- Third-place Texan playing spoiler in winner-takes-all state
- The strategy: weaken Rubio by denying him a home-turf win
Ted Cruz is campaigning aggressively to deny Marco Rubio any chance of a home state win in Florida’s Republican primary, in the hopes of knocking his rival out of the race so the Texan is left as the party’s sole challenger to billionaire Donald Trump.
Cruz’s associates said that the strategy could mean Cruz ends up playing the spoiler in a state where he’s polling in distant third place, ultimately set up a one-on-one showdown with Trump for the Republican nomination.
The campaign is doing what it sees as necessary to turn the Republican contest into a two-man race, said a senior adviser to Cruz who requested anonymity to speak candidly. That hardball approach includes trying to erode support for opponents such as Rubio, a first-term senator from Florida.
The campaign is doing what they feel is necessary to turn the Republican contest into a two-man race, said a senior adviser to the Texas senator who requested anonymity to speak candidly. That hardball approach includes boosting Cruz’s position by increasing his support, and by decreasing prospects for opponents such as Rubio.
The 2012 Republican nominee Mitt Romney this week urged Florida voters to back Rubio in the state’s March 15 primary and those in Ohio to produce a win for Governor John Kasich on the same day. That would be part of a strategy aimed at denying Trump, unpopular with the Republican establishment, a majority of delegates and setting up a contested party convention in Cleveland.
Trump In Lead
Rubio needs Florida to keep his campaign viable after winning just a single state, Minnesota, out of 15 contests so far.. At last look Trump was up by almost 19 points over the first-term senator, 45.7 percent to 26 percent, according to a Real Clear Politics average of recent polls. Cruz was third with 12 percent support.
If Cruz and Kasich, with combined support of about 20 percent, backed down in the Sunshine State, it may be enough to put Rubio over the top in the winner-take-all state that will award 99 delegates at its March 15 primary.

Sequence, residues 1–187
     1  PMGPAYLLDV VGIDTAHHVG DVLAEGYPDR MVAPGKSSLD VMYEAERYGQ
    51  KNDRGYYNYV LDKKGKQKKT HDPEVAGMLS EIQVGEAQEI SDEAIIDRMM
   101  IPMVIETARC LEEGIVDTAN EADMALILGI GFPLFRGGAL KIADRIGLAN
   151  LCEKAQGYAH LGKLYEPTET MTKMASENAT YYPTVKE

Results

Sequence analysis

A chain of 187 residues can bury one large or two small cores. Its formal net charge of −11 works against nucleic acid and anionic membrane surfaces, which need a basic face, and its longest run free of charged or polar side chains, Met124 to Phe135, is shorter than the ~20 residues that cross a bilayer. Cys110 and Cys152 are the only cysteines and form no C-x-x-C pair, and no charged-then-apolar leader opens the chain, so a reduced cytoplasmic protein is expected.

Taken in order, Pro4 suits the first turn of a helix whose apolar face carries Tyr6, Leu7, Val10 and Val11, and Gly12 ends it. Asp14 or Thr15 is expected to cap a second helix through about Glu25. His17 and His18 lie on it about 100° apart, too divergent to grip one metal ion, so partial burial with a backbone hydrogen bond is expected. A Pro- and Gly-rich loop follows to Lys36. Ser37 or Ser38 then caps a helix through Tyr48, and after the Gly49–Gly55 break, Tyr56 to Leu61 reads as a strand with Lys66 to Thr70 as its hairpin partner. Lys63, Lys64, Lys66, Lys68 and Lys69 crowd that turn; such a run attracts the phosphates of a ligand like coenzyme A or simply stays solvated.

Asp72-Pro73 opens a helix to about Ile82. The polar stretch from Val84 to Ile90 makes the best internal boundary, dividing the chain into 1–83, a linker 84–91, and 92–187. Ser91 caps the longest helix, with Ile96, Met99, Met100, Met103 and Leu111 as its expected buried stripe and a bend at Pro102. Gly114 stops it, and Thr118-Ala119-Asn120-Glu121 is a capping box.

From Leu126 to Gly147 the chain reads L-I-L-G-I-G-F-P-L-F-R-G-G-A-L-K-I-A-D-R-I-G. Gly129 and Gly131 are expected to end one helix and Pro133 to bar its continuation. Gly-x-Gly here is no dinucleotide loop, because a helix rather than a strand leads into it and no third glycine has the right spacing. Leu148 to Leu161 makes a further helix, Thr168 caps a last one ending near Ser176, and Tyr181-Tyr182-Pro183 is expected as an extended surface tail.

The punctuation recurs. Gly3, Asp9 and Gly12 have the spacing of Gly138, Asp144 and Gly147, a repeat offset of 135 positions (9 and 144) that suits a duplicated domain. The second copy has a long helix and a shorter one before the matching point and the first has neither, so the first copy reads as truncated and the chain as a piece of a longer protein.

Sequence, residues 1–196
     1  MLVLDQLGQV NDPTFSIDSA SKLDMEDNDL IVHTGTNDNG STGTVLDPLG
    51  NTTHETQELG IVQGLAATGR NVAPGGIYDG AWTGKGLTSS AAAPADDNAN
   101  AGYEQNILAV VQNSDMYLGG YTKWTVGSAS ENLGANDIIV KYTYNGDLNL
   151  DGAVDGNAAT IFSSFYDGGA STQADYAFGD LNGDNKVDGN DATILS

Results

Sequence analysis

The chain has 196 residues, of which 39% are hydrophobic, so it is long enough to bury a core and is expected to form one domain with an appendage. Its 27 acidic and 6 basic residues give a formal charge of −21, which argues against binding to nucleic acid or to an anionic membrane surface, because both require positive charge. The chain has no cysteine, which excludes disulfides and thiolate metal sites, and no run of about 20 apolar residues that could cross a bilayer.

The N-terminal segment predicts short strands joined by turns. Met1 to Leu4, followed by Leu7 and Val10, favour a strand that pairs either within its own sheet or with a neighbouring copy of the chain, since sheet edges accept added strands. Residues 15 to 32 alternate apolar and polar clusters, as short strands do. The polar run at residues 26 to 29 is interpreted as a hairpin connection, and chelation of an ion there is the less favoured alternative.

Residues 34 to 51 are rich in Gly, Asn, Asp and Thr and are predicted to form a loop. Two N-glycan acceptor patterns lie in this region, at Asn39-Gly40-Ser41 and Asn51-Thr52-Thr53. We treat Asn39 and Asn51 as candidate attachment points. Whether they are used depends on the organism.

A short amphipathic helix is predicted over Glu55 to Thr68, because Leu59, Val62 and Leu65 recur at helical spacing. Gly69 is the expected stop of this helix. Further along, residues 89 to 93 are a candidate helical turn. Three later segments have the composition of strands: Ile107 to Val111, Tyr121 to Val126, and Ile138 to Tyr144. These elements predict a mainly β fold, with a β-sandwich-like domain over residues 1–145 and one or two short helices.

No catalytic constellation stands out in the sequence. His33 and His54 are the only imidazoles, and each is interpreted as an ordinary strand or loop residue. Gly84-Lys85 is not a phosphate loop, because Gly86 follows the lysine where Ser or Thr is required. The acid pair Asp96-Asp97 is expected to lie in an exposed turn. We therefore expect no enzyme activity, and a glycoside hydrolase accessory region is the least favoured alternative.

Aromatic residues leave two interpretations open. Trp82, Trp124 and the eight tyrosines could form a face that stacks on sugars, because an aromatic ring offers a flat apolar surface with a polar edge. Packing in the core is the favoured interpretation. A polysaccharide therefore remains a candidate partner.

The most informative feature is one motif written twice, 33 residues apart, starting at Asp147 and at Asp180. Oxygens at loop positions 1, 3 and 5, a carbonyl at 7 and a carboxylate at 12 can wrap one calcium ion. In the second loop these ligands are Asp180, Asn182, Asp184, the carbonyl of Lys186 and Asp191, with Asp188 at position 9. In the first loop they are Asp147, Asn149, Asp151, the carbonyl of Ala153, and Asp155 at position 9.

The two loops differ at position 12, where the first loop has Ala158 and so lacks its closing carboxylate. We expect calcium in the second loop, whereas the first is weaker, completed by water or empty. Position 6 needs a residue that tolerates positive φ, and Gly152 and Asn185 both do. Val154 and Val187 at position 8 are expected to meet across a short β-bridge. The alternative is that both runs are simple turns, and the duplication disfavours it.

Speaking on Saturday at the CPAC conference in National Harbor, Maryland, Rubio predicted victory in Florida while playing down the importance of the state’s primary:
“I’ve never based my campaign on one single state but I can tell you this: we will win the state of Florida,” Rubio said. “I have experience at beating people who don’t say who they truly are. I have experience at beating people who portray themselves to be one thing but are actually something else, and you’re going to find that out.”
Cruz, whose wife and father have campaigned in Florida this month, announced on Friday that he was opening 10 offices as part of a “serious commitment” to the state.
“In order to defeat Donald Trump, we’ve got to come together,” Cruz said Friday night in Mandeville, Louisiana. “If the field remains divided, then he can hope to win winner-take-all states with a plurality of 35 percent. Head to head, we not only beat Donald Trump, we beat him resoundingly.”
Most states that have voted so far, including Texas, have awarded delegates proportionately using formulas based on winners in each congressional district. Cruz won his home state in a 17-point romp and picked up 55 more delegates there than Trump, but Florida’s all-or-nothing prize is more consequential in the race to the 1,237 delegates needed to win the nomination.
Kevin Wagner, political science professor at Florida Atlantic University in Boca Raton, said Cruz’s strategy also could help him in a general election, where Florida is the most-populous swing state.
“Either Cruz has some internal polling showing that he has a chance of winning here, or he’s trying to deny Rubio enough votes to keep him from winning, to get to that one-on-one race against Trump,” Wagner said. “Cruz won’t say it himself, but he wants the media to say that he won his home state and Rubio didn’t, so it should be Rubio who gets out of the race.”
Even as Cruz campaigned in Maine, Louisiana and Kansas ahead of their Saturday nominating contests, his campaign surrogates have held potlucks to gather volunteers to make calls and knock on doors.
“Florida is obviously the home state to one of my competitors, Marco Rubio, he’s a favorite son,” Ted Cruz said Friday night. “Donald Trump is formidable just about everywhere. I would note that any candidate who can’t win his own state, that’s a real problem.”